On October 30, five federal agencies – the FCA, FDIC, NCUA, OCC and the Fed – issued a proposed rule regarding flood insurance. The proposed rule will amend regulations relating to loans secured by property located in special flood hazard areas. Specifically, the proposed rule would (i) establish requirements in connection with the escrow of flood insurance payments; (ii) provide certain borrowers with the option to escrow flood insurance premiums and fees; and (iii) eliminate the HFIAA requirement “to purchase flood insurance for a structure that is part of a residential property located in a special flood hazard area if that structure is detached from the primary residential structure and does not also serve as a residence.” Comments on the proposed rule are due by December 29, 2014.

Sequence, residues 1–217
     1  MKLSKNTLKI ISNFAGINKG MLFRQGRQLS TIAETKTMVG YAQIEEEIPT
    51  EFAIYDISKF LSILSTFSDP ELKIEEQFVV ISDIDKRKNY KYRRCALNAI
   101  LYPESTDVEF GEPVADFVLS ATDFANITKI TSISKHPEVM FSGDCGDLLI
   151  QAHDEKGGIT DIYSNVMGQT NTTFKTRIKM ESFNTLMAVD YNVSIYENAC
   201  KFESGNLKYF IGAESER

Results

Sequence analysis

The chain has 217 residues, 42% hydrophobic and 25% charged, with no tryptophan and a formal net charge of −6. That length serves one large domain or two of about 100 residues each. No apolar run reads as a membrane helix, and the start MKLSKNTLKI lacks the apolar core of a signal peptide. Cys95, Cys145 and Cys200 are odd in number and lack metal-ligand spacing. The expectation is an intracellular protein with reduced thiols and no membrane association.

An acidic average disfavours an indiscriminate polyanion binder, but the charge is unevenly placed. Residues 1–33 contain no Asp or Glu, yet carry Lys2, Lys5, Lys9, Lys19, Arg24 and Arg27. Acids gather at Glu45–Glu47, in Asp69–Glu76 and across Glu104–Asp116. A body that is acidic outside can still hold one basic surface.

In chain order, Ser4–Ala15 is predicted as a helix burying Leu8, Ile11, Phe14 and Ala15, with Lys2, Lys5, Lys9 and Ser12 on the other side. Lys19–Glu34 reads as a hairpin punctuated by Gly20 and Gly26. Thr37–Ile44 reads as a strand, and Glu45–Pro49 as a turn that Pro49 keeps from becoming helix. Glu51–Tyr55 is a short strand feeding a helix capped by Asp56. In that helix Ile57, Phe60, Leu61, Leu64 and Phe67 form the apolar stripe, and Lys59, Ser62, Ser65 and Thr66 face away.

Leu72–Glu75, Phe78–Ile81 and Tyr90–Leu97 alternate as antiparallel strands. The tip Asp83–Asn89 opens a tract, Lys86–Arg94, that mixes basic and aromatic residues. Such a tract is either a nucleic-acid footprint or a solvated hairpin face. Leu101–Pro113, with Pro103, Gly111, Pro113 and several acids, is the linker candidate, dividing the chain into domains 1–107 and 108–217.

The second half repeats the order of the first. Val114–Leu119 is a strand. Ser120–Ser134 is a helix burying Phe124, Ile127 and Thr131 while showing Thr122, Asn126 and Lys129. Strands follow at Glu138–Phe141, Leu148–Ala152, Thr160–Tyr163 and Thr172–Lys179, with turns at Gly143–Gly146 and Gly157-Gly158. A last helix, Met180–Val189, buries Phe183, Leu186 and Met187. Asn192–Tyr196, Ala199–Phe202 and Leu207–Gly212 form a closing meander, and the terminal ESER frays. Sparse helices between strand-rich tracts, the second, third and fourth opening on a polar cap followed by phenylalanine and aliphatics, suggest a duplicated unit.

On October 27, the OCC announced the appointment of Darrin Benhart as Deputy Comptroller for Supervision Risk Management and Bethany Dugan as Deputy Comptroller for Operational Risk. Mr. Benhart will assume the position of full-time chair of the agency’s National Risk Committee, responding to a recommendation from a peer review that the agency create such a role. Mr. Benhart’s position is intended to strengthen the OCC’s ability to address risk in the national banking system. Prior to his appointment, Mr. Benhart served as the Deputy Comptroller for Credit and Market Risk. In her new role, Ms. Dugan will oversee the policy and examination procedures developments, specifically those that address operational risk issues.